A common question we get asked- should I purchase a stretcher or a hospital bed, which one is best for accommodating the type of patient and workflow we have?
Well, for everyone having this debate right now, there are some key points for you to consider:
Stretchers or patient trolleys are designed to be compact for best maneuverability, offering close access to the patient for examination, emergency or surgical care, with simple functional controls for speed and ease of the operator. The mattresses are generally thinner, developed for short stay, to facilitate easy transfer and to assist in special procedures or radiology.
Ward beds or hospital beds are designed with longer and wider platforms and thicker mattresses for long stay patient comfort. The beds' dropside style allows for maximum patient support and regularly has integrated controls which gives the patients more independence.
Stretchers can start anywhere from $5,000-$12,000 depending on the level of customisation. You may want to read an in-depth article about the costs of stretchers here.
Hospital beds can cost less ranging from $3,000 - $10,000, it is also very hard to give an exact amount on these products as like a stretcher, price can change dramatically depending on things like accessories, technology, manufacturer and freight costs to name a few.
Usually, a patient transport stretcher is approximately 2150mm long x 850mm wide overall (including the corner bumpers). This sizing allows the stretcher to move through common doorway sizes and fit into most personnel lifts across a medical facility. Read more about what size stretcher could be best for you here.
As a general guide, the most common size for a hospital bed is 1000mm wide by 2200mm in length. The beds can come in multiple sizes depending on the make and model, some with the inbuilt capacity to increase size both in length and width.
Patient transport trolleys are a high strength, lighter weight construction, built to effectively move patients with the minimum amount of staff input. As patient trolleys are regularly on the move, the castor types, steering and braking systems are characteristically engineered stronger and larger than ward beds, to ensure a lifetime of heavy use. Trolleys and stretchers can be easier and faster to repair in the event of damage, as they are designed to absorb the expected impacts associated with movement.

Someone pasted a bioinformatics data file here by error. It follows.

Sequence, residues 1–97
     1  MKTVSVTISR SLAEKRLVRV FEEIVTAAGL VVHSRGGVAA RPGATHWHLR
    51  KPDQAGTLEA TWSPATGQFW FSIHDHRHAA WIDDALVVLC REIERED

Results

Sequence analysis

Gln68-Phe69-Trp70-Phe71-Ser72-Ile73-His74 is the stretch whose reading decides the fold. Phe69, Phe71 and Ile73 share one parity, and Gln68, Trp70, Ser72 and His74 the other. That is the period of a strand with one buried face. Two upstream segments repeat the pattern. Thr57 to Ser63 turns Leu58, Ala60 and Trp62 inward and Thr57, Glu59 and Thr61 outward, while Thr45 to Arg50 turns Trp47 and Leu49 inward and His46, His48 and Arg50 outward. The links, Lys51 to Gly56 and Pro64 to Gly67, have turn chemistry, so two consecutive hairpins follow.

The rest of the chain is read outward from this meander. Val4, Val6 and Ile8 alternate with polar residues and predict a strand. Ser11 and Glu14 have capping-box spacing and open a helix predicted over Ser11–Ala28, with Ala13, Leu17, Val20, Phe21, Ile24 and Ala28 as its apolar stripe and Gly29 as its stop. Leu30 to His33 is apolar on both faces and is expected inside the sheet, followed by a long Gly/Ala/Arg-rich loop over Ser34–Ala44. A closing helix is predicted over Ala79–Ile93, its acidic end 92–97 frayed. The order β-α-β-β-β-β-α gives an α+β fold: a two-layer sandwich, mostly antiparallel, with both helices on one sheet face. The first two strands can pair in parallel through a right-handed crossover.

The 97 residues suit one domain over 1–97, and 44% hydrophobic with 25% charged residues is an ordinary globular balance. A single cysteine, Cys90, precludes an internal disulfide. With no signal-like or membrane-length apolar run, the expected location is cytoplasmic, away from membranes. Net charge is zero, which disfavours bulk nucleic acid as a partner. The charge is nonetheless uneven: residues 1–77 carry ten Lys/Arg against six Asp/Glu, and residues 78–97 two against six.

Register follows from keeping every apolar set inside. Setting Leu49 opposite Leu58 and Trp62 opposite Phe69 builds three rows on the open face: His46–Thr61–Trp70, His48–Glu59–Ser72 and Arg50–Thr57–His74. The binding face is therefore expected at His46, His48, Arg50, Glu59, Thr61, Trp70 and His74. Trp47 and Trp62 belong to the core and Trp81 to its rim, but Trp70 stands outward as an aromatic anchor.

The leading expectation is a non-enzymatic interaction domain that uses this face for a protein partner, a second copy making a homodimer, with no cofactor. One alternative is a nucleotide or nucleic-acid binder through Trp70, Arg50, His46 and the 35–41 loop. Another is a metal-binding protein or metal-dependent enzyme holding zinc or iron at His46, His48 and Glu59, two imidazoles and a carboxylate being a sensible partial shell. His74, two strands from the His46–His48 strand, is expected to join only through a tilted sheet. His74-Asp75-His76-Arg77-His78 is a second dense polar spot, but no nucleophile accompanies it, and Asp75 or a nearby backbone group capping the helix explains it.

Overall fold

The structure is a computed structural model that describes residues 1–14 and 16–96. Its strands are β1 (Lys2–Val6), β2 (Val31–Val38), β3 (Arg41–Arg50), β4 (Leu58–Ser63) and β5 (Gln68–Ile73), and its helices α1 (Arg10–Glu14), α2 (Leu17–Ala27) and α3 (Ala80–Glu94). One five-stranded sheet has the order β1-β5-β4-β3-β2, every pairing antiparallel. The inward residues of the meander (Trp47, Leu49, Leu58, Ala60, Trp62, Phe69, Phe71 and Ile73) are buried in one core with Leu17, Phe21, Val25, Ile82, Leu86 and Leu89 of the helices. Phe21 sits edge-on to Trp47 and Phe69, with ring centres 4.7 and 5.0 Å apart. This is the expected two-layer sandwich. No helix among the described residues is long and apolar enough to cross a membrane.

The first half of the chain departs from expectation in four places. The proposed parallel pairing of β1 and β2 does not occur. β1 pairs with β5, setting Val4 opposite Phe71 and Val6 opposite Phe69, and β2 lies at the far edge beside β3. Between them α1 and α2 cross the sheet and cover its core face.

Hospital ward beds however, are not built for regular patient transportation, they are traditionally wider, longer and heavier in construction with smaller wheels. The extra size and weight of beds can make it more challenging to maneuver through doorways, hallways and in lifts. An extra staff member may be required to assist in transport to help reduce risk of strain injury.
As stretchers are used for high patient throughput in both day procedure and emergency care, they are designed to be simple to service and well protected for more efficient cleaning that is required by critical infection control standards.
Ward beds will mostly have less covers and more exposed framework that is harder or more time consuming to clean multiple times a day. Due to the rigorous use of patient stretchers, they tend to have less technical functionality for simplicity in the high number of staff users, to reduce breakdown risk and allow fast repairs. Ward beds can have a high level of electronic functionality that offers excellent levels of patient positioning, angles, weight, lights and alarms. However, excessive movement and wear and tear of hospital beds can result in beds left out of action for extended periods of time with expensive repairs.
If your patient trolleys are following the recommended maintenance schedule from your manufacturer the expected life is 10 years and this is considered a fair lifespan for a stretcher- given the demanding and continuous use it’s expected to perform.
A hospital bed is also estimated to last between 10-15 years however, specific components of the bed frame may need to be replaced during this time.
Well, we hope this article has helped to clear a few things up about the differences between a stretcher and a hospital bed and that you are now armed with a little more knowledge to help make an informed decision.
If you have any questions, don’t hesitate to contact our Team who will be more than happy to help in any way they can.